Quote of the Day
It is impossible to imagine literary life in Britain without Carcanet.
Subscribe to our mailing list
The Midnight Letterbox
Selected Correspondence 1950 - 2010
Edited by James McGonigal and John Coyle
RRP: GBP 19.99
You Save: GBP 2.00
Price: GBP 17.99
This title is available for academic inspection (paperback only).
ISBN: 978 1 784100 79 7
Categories: 20th Century, 21st Century, Memoirs, Scottish
Imprint: Lives and Letters
Published: March 2015
216 x 135 x 24 mm
Publisher: Carcanet Press
Also available in: eBook (EPUB), eBook (Kindle), eBook (PDF)
Digital access available through Exact Editions
I am really a very Glasgow-loving root-clutching person, and the mechanics of travel fill me with angst, yet I seem to be meant or doomed or prodded to go to place after place, city after city (but cities I love in any case, all cities) [...] I’ve been round the Cape of Good Hope and down the Odessa Steps. I’ve seen the Book of Kells and the Isenheim Altarpiece and Beethoven’s ear-trumpet and Khalil Gibran’s birthplace and Lenin’s tomb. [...] I have seen the Red Sea and the Black Sea – both blue. What is it all for? Can you tell me that?
from a letter to Michael Schmidt, 2 April 1972.
One of the central figures of twentieth-century Scottish literature, Edwin Morgan was a prolific letter-writer. His correspondence, like his poetry, is wide-ranging, full of generosity and enthusiasm, and above all a testament to his lifelong commitment to exploring the possibilities of poetry. This selection of his letters, spanning Morgan’s full career as a teacher and writer, enables readers to track the development of his ideas, his friendships and his creative collaborations. At the same time it provides a superbly engaging portrait of a man with a boundless interest in the fast-changing world around him.
Awards won by Edwin Morgan Winner, 2000 Queen's Gold Medal for Poetry
Praise for Edwin Morgan 'Edwin Morgan's translation of twent-five poems into Scots, now reissued after almost half a century, finesses one difficulty by substituting another. Wi Haill Voice gives Mayakovsky a shout from the streets without making him a Dickensian exercised in dialect - Scots provides the necessary sense of estrangement.'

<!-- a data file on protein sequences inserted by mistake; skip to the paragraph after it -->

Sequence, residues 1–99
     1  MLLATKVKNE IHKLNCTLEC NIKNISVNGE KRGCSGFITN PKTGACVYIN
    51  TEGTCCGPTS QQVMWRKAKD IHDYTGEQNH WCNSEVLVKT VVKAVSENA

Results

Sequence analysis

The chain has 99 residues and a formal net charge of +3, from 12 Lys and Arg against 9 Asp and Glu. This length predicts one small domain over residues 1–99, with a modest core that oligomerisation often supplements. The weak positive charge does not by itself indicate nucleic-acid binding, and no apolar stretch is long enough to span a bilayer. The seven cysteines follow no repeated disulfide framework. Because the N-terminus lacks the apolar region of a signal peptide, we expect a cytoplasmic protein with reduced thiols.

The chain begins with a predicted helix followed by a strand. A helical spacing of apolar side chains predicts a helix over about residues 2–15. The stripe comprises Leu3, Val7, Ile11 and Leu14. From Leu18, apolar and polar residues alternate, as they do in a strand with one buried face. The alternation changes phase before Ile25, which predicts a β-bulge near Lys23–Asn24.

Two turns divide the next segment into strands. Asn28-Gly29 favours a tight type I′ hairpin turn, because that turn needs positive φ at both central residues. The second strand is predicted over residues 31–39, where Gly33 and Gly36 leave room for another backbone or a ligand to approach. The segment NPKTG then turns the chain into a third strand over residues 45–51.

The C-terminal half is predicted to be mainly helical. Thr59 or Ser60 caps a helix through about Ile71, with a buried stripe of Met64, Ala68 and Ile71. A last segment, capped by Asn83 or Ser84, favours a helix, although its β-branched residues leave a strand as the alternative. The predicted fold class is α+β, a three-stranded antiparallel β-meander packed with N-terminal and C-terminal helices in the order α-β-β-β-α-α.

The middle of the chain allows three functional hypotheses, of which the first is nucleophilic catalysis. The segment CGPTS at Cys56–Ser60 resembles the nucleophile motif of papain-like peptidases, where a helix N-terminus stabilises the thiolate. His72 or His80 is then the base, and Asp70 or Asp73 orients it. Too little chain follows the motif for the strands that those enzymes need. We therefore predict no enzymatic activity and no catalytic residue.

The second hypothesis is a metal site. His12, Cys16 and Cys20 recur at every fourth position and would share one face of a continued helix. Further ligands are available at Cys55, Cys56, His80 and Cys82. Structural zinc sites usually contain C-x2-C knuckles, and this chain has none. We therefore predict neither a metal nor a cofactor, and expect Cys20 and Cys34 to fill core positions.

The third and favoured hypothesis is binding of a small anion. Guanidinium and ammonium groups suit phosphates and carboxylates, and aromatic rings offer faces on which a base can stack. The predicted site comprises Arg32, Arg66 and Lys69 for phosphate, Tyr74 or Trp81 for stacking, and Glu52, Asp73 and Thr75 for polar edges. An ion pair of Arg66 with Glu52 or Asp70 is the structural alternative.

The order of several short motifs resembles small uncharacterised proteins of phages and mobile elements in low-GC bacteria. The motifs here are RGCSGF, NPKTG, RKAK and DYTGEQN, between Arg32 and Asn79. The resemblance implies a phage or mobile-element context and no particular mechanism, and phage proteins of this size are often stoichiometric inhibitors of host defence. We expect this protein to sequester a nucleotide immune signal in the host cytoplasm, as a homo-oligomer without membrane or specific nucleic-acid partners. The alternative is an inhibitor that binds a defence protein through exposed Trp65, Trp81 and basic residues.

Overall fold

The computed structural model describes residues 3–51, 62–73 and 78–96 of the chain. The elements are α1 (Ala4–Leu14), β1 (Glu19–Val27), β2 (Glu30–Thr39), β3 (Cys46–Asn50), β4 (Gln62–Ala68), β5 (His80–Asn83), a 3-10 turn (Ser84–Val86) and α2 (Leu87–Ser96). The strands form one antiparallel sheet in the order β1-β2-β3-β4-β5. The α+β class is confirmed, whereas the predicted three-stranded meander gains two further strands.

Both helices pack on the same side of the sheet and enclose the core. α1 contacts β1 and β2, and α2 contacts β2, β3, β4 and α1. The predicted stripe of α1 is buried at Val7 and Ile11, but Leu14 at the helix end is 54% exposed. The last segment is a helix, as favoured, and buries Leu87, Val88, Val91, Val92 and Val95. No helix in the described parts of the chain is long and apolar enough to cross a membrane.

William Logan, The New Criterion
'[Dreams and Other Nightmares] is a gorgeous lucky-bag of bits and pieces...'
Alan Spence, Sunday Herald Best Books Of 2010 'Morgan's poetry has always been large, vigorous and imaginative. It has been energetic and various.'
lain Crichton Smith 'There seems no subject Morgan cannot alight upon with his effervescent art.'
The Scotsman 'Morgan is just as capable of taking the breath away in cool, stanzaic English, as in roustabout Scots free verse.'
VERSE 'Edwin Morgan is probably the writer most influential (in this) generation of Scottish poets.'
Robert Crawford '(Morgan) is still at the height of his powers as storyteller, polemicist, lyric poet and translator.'
Alan Brownjohn 'Mr Morgan writes in a way which I would characterise as generous and forceful as well as immediately sensible.'
The Scotsman 'Mr Morgan is as versatile as he is inventive ... the qualities that most appeal are a capacity for celebration ... and an unsentimental humaneness, a considering sympathy.'
The Carcanet Blog Gabriel Levin: By Way of a Preface read more Shore 2 Shore Poetry Tour read more Beverley Bie Brahic: Future Perfect read more Chris Wallace-Crabbe: Swimming in the Changing Current of History read more Alison Brackenbury: From the Book Towers read more James Harpur: The Wind Blows Where it Wishes read more
We thank the Arts Council England for their support and assistance in this interactive Project.
This website ©2000-2018 Carcanet Press Ltd